A backlog in applications for spousal immigration sponsorship is continuing to grow in Canada.
This, coupled with the pandemic, has kept thousands of people across the country from being able to see their loved ones for months.
For Oshawa resident Noor Mahmood and her husband Ibrahim Siddiq, virtual communication is all they have. The couple got married last year, but haven’t had the chance to see one another in nearly six months.
“It’s just really difficult since you keep planning for this life together and there’s just so much uncertainty around when it’s going to start,” Mahmood said.
Her husband currently lives in Saudi Arabia. The couple applied for a Outland Spousal Sponsorship application in July 2019, but they’re still waiting for his application to be processed, despite the government’s immigration website saying it completes most applicants within a year.
“It was a pre-existing problem already,” Mahmood said. “There are several people that have reached out to me saying their process has been over two to three years.”
The two are part of a Facebook group with more than 2,500 members who are facing a similar situation. On top of an existing backlog of applications, the pandemic has forced Canada’s immigration offices to scale back operations, causing additional stress to families.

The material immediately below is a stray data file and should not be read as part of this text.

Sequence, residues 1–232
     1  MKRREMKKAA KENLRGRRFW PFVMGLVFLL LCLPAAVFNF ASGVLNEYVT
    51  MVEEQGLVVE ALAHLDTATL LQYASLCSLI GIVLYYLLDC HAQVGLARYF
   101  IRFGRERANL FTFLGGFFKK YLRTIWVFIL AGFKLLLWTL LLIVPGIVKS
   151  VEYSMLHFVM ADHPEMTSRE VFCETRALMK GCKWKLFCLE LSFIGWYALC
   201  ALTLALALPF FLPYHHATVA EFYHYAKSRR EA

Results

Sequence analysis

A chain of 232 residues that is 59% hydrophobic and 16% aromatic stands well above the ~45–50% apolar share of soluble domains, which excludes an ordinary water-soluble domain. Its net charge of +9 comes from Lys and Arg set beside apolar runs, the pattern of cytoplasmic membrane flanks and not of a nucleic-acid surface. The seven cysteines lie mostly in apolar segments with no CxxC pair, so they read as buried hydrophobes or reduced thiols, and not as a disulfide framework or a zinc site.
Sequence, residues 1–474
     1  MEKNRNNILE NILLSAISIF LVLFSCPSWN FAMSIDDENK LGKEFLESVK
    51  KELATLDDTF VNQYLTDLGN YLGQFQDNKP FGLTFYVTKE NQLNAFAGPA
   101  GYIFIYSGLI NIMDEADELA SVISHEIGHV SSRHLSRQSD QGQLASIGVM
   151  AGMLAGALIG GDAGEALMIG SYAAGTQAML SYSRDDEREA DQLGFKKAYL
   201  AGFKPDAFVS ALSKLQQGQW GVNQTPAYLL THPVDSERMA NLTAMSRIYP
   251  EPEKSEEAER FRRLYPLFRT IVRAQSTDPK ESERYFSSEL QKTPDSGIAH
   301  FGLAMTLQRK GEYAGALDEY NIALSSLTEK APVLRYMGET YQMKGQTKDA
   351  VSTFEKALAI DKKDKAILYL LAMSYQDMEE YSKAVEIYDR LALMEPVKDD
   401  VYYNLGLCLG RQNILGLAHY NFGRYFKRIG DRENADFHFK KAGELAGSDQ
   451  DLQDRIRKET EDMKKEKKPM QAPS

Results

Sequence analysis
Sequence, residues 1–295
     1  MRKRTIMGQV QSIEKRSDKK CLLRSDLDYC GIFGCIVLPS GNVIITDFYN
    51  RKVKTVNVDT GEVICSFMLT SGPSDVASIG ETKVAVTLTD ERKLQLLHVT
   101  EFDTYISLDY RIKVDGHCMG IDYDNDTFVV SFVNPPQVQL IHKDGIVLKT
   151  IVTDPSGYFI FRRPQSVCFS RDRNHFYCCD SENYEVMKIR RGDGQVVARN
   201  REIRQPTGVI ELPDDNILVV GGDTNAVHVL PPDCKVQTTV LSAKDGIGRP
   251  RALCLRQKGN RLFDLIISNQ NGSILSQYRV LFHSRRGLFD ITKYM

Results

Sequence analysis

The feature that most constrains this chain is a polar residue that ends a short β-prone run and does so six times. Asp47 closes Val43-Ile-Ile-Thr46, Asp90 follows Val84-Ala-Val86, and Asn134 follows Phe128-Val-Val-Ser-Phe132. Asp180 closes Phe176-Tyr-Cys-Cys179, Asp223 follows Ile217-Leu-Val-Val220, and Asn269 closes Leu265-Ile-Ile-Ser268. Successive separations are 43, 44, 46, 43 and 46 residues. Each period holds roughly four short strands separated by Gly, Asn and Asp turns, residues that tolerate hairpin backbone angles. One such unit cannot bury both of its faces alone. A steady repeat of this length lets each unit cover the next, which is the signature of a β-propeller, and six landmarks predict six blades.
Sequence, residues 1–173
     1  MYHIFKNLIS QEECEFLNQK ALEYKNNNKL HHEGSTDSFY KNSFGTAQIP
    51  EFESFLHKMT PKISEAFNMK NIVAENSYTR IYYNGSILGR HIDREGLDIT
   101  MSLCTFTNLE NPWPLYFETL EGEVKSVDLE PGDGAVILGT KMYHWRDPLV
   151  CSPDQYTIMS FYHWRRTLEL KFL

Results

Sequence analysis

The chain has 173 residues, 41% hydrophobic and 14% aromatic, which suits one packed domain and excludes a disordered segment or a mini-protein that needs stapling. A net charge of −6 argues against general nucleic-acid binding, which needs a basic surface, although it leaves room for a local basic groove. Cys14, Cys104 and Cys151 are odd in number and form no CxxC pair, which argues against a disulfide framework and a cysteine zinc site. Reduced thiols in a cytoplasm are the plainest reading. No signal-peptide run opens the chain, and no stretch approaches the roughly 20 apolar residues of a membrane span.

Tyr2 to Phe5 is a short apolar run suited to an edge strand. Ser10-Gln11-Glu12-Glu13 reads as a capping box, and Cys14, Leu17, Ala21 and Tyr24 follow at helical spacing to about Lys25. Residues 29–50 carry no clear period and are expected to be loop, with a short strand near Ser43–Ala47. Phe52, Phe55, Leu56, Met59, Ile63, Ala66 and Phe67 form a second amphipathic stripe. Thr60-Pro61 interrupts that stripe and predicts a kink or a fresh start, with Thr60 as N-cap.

Misha Pelletier hasn’t been able to see her husband, who lives in Tanzania, for over a year.
She says the distance has taken a devastating toll on both her and her eight-year-old son, Santino.
“We spent Christmas without him, my son’s birthday without him,” Pelletier said.
“Finally I just had to let it all out and explain it to (my son). He cried really hard.”
When asked about the pre-existing backlog of applications and when services would resume to normal, the government told Global News in a statement: “Immigration, Refugees and Citizenship Canada continues to accept and process applications throughout the pandemic, including family sponsorship applications, notwithstanding that our operational capacity remains at a limited capacity both domestically and abroad.”
The government also says immediate family members are still allowed to visit, provided they quarantine and stay for at least 15 days.
Meanwhile, a petition has been put forward to the House of Commons, calling for a special temporary resident visa, which would allow loved ones to stay in Canada while their application is being processed.
More than 5,500 people have signed another petition calling for improvements to the spousal sponsorship process.
NDP MP Jenny Kwan has also written an open letter to Immigration Minister Marco Mendicino, demanding immediate action be taken.
In addition, thousands of residents are planning rallies in major cities across Canada in early August.